## Great Ideas in Theoretical Computer Science Lectures 16-19

In the next-to-last GITCS installment, we cover some of the greatest hits of the 70’s and 80’s.

- Lecture 16: Private-Key Cryptography

- Lecture 17: Public-Key Cryptography

- Lecture 18: Cryptographic Protocols
*(including: how computer scientists date!)*

- Lecture 19: Interactive Proofs / Machine Learning

(Something tells me Lecture 18 is going to get more hits than the other three combined…)

The course itself ended two weeks ago; last week was the final exam. Thanks so much to all of my students for signing up for a brand-new course, asking probing questions, enduring my excruciating jokes, and doing a fantastic job with the notes. (Of course, thanks also to my eagle-eyed readers for spotting errors.) Thanks above all to my TA, Yinmeng Zhang, who went way beyond her job description to work with students individually, tell me when I was being a doofus, etc. Because of the input of everyone who participated, this course will be better when I teach it the second time around.

Also, for anyone who might want to teach a similar course, the recipe is simple (much simpler than I expected, actually):

- Start with a standard, off-the-shelf, undergraduate computability and complexity theory course.
- Cut out the most boring parts, like pushdown automata, context-free grammars, and 10
^{5000}NP-completeness reductions. (Yes, I know these things*can*be taught in a non-boring way, but why make it hard on yourself?) - Fill in the gaps with more interesting material, like zero-knowledge proofs, computational learning theory, or quantum computing.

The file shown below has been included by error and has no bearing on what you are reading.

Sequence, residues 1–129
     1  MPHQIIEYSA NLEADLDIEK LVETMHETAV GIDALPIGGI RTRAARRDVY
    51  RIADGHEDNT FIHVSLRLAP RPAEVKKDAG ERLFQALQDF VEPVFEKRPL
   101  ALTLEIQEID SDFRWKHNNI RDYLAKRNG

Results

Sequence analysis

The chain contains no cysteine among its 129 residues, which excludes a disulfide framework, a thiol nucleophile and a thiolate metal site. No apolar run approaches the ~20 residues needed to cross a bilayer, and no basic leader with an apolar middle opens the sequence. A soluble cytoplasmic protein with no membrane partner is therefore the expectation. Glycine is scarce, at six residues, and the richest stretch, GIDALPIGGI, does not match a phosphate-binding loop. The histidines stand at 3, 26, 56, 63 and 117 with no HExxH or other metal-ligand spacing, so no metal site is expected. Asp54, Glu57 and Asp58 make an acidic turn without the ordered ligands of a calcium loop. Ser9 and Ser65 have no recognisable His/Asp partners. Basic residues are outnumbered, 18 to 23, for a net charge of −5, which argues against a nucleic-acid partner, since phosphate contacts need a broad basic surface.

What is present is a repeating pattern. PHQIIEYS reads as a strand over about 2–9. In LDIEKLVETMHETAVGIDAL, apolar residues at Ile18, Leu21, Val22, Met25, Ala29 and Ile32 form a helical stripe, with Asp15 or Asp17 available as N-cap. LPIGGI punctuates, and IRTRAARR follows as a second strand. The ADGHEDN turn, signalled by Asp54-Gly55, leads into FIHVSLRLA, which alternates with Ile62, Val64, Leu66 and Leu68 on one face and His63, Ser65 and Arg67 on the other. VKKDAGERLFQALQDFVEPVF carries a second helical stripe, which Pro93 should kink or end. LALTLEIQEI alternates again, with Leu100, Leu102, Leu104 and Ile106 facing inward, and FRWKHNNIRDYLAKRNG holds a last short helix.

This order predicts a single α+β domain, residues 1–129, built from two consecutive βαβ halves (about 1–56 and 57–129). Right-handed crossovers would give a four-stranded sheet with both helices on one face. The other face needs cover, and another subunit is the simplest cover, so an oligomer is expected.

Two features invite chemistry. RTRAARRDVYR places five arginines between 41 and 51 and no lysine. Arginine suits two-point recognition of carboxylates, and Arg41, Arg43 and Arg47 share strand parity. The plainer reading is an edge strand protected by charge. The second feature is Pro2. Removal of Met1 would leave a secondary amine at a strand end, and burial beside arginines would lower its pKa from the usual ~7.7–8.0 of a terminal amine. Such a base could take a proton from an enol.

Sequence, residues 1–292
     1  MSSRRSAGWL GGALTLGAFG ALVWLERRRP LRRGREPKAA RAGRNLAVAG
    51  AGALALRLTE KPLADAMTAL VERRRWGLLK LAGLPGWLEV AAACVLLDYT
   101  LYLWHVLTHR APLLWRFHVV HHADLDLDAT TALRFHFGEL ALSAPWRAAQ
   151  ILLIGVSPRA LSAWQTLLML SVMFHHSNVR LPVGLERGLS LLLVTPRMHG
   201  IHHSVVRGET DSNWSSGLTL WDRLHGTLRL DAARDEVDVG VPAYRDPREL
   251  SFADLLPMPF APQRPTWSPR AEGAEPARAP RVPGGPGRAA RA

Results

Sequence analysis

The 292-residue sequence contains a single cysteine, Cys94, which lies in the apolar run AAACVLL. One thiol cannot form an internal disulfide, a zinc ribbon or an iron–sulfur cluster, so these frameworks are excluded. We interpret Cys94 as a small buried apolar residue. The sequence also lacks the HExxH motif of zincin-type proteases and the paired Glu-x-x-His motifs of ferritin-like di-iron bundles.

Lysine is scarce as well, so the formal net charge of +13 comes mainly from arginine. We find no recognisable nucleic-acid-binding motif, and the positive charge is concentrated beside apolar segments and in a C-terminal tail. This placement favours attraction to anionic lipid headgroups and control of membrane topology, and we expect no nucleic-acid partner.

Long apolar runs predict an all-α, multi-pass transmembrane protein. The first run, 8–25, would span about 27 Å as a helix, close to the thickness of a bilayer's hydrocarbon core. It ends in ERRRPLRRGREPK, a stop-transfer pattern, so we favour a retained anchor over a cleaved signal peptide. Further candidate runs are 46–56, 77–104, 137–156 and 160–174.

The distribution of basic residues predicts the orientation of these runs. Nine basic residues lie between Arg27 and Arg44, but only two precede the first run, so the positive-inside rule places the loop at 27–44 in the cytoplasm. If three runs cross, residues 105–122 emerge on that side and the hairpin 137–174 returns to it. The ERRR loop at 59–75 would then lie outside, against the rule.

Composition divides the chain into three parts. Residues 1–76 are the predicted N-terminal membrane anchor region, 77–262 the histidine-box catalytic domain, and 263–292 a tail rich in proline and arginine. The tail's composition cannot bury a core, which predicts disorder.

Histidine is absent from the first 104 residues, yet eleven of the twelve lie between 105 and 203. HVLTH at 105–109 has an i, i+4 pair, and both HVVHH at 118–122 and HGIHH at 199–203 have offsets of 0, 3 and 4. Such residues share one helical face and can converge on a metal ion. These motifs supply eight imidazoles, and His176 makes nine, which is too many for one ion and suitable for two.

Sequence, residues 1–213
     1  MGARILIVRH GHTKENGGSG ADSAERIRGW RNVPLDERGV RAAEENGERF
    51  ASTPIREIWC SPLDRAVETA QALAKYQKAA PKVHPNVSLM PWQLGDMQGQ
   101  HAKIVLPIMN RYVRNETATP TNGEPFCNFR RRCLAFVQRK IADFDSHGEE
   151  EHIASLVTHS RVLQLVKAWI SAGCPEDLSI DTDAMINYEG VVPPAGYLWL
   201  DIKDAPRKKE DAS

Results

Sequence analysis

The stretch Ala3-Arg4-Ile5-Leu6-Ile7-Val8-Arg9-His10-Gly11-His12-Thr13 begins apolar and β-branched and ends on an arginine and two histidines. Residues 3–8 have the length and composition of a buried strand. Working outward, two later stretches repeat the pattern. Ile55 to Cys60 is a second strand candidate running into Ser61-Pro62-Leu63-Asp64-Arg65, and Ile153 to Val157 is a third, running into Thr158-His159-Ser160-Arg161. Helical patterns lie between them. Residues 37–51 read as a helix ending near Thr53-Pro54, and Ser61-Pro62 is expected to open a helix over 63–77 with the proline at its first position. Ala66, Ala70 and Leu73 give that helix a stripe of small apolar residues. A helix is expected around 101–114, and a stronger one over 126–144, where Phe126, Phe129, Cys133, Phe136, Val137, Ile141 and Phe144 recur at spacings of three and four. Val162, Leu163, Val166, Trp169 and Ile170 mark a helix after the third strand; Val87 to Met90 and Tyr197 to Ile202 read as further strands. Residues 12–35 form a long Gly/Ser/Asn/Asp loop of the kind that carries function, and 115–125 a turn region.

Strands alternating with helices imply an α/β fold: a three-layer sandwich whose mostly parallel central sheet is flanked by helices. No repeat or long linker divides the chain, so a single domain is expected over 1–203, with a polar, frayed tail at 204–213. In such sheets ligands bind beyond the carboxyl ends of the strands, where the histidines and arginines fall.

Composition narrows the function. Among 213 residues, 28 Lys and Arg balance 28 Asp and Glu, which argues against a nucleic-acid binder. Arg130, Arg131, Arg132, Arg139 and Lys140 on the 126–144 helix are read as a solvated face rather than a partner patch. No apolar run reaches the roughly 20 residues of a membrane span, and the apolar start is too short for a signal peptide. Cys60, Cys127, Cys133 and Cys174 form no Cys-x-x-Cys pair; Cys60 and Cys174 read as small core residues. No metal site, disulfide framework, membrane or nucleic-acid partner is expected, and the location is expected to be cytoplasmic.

- Add a pinch (to taste) of mindblowing results that can’t be covered in detail, like the PCP Theorem, the independence of the Continuum Hypothesis, or cosmological limits on computation.

Serves 10-100.

Comment #1 May 27th, 2008 at 7:42 pm

In lecture 18, it’s not quite accurate to say that there are *trapdoor* OWFs based on elliptic curves. There are plenty of useful things on can do cryptographically (like public-key encryption), but we don’t know whether there is a “trapdoor” allowing for, say, efficient inversion of the one-way exponentiation operation.

Comment #2 May 27th, 2008 at 8:01 pm

Chris: Interesting, thanks! I was vaguely imagining that your work with Waters could be used to turn elliptic-curve PKC’s into elliptic-curve TDOWF’s (under some definition of TDOWF), but I’ll certainly take your word that it can’t.

Comment #3 May 27th, 2008 at 8:06 pm

Scott: OK, you got me, it is true — under a somewhat different notion of TDOWFs. (Or at least for inverting a different kind of problem than modular exponentiation.)

The main point is that RSA has a very special kind of “natural” trapdoor that discrete log systems don’t have (at least, not that we know of).

Comment #4 May 27th, 2008 at 8:40 pm

Hm, it sounds like computer scientists won’t be able to date any more if we build a quantum computer. Thanks for brightening my day.

Comment #5 May 27th, 2008 at 9:07 pm

Sydney: No, we believe there are one-way functions secure against quantum attack; hence the dating protocol could presumably still be implemented in a world with quantum computers.